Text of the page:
Losing data when reading from the Serial port

Hello everybody,

Although getting data from the Serial port seems to be quite straightforward, I’m still having issues with that. This post is a split of another post (http://forum.arduino.cc/index.php?topic=176890.0)

I want to receive commands on the serial port, coming from a Windows application. Before parsing the command, I must be able to receive many commands. In order to do that, all commands are ended with “^” → When I find the terminator, I process the incoming command and afterwards I get the new command from the serial port.

The sample below is the part of code retrieving data from the serial port.


Using the Serial Monitor, my test case is:
a=1^b=2^c=3^d=4^e=5^f=6^g=7^h=8^i=9^j=10^k=11^l=12^m=13^n=14^o=15^p=16^q=17^r=18^s=19^t=20^u=21^v=22^w=23^x=24^y=25^z=26^


Here is the code:
#define COMMAND_SUFFIX ‘^’

const int SERIAL_BUFFER_SIZE = 512; // make it big enough to hold your longest command
char serialBuffer[SERIAL_BUFFER_SIZE + 1]; // +1 allows space for the null terminator
int serialBufferOffset = 0; // number of characters currently in the buffer

void setup()
{
Serial.begin(9600);
}

void loop()
{
if(serialRead())
{
Serial.print("- Incoming command: ");
Serial.println(serialBuffer);
}
}

boolean serialRead()
{
boolean rc = false;
char c;

while(Serial.available())
{
c = Serial.read();
switch(c)
{
case ‘\r’:
case ‘\n’:
// Discard special characters
break;
case COMMAND_SUFFIX:
// End-of-command received
serialBufferOffset = 0;
rc = true;
break;
default:
if(serialBufferOffset < SERIAL_BUFFER_SIZE)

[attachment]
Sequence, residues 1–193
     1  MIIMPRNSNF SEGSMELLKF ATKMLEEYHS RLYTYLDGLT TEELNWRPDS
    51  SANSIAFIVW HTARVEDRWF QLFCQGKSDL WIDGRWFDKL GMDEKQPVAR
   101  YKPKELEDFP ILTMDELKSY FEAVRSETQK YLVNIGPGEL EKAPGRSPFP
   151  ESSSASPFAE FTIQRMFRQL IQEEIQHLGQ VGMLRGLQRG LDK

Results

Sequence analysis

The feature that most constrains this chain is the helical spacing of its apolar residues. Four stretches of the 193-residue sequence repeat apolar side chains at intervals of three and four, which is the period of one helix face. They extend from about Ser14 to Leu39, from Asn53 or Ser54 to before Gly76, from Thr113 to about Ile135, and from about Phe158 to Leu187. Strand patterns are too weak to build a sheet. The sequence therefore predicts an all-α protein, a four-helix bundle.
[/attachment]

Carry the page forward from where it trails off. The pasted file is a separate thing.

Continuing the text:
serialBuffer[serialBufferOffset++] = c;
serialBuffer[serialBufferOffset] = ‘\0’;
break;
}
}

return rc;
}


And here is the result:

  • Incoming command: a=1
  • Incoming command: b=2
  • Incoming command: c=3
  • Incoming command: d=4
  • Incoming command: j=1
  • Incoming command: o=1
  • Incoming command: t=2
  • Incoming command: y=2
  • Incoming command: z=26

What am I doing wrong??? I’m completely lost…

Thanks for your help
Serge

I don't know if is the problem, but I see that your function serialRead() never return false.
Try adding a return false at the end of your function. it can not hurt. :grin:

Not that it would cause your problem but the serial buffer only has to be 5 bytes in size.

I would print less, for every 4-5 bytes you receive you are printing over 20 at the same speed, the code will block before long and as the Serial input buffer is only 64 bytes you may lose characters.

Try removing the Serial.print("- Incoming command: "); line.

The fact that the first 4 prints are correct and then everything turns to crap supports this theory.


Rob

How fast is your input arriving? If your Windows application is sending it as fast as the serial connection will go that is probably the wrong answer, especially given Graynomad's observation that the Arduino is sending more than it receives.

The problem is you are not returning early enough when the data is being processed.

while(Serial.available())
  {
    c = Serial.read();
    switch(c)
    {
      case '\r':
      case '\n':
        // Discard special characters
        break;
      case COMMAND_SUFFIX:
      // End-of-command received
        serialBufferOffset = 0;
        rc = true;
        break;
      default:
        if(serialBufferOffset < SERIAL_BUFFER_SIZE)